Quantitative detection of Fusarium pathogens and their mycotoxins in South African maize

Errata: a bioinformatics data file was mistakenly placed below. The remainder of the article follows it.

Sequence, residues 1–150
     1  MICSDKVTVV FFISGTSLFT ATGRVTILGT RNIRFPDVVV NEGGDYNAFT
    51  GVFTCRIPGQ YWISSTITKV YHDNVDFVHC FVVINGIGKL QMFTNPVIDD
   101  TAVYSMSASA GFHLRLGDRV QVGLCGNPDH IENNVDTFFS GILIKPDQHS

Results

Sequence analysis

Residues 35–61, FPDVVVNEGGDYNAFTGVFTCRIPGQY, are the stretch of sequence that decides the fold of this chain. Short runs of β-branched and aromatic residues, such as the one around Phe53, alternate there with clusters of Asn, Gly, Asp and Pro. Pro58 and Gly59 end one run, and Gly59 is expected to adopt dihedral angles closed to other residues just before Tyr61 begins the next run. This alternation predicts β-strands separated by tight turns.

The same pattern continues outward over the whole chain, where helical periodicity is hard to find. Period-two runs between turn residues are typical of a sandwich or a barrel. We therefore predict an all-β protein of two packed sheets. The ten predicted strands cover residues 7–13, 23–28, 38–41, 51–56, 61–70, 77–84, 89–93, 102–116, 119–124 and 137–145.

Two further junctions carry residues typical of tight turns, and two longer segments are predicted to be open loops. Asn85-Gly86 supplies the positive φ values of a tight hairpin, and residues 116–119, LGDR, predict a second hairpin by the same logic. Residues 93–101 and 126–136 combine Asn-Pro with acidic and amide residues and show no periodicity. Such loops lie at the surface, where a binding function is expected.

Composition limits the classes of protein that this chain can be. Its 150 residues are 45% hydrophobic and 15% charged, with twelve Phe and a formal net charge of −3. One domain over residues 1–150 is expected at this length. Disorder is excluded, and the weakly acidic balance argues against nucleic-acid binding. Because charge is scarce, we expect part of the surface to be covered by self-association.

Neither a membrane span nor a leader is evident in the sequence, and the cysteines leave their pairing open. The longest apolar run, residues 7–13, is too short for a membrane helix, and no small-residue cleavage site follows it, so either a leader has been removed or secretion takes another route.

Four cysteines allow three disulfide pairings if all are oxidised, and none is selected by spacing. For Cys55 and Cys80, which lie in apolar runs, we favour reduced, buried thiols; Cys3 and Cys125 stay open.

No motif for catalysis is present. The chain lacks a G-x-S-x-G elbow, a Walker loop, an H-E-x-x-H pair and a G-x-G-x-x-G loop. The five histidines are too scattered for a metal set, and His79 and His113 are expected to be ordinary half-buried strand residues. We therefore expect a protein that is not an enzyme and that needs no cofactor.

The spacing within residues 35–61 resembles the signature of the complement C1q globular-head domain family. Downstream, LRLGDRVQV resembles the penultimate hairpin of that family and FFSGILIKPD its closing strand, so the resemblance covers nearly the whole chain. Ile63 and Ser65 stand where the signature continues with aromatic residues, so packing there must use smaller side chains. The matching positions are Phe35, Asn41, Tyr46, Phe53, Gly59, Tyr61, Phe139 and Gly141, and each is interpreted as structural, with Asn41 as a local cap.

The distribution and co-occurrence of four Fusarium species and their mycotoxins were investigated in maize samples from two susceptible cultivars collected at 14 localities in South Africa during 2008 and 2009. Real-time PCR was used to quantify the respective Fusarium species in maize grain, and mycotoxins were quantified by multi-toxin analysis using HPLC-MS. In 2008, F. graminearum was the predominant species associated with maize ear rot in the eastern Free State, Mpumalanga and KwaZulu-Natal provinces, while F. verticillioides was predominant in the Northwest, the western Free State and the Northern Cape provinces. In 2009, maize ear rot infection was higher and F. graminearum became the predominant species found in the Northwest province. Fusarium subglutinans was associated with maize ear rot in both years at most of the localities, while F. proliferatum was not detected from any of the localities. Type B trichothecenes, especially deoxynivalenol, and zearalenone were well correlated with the amount of F. graminearum, fumonisins with F. verticillioides, and moniliformin and beauvericin with F. subglutinans. This information is of great importance to aid understanding of the distribution and epidemiology of Fusarium species in South Africa, and for predicting mycotoxin contamination risks and implementing preventative disease management strategies. © 2011 The Authors. Plant Pathology © 2011 BSPP.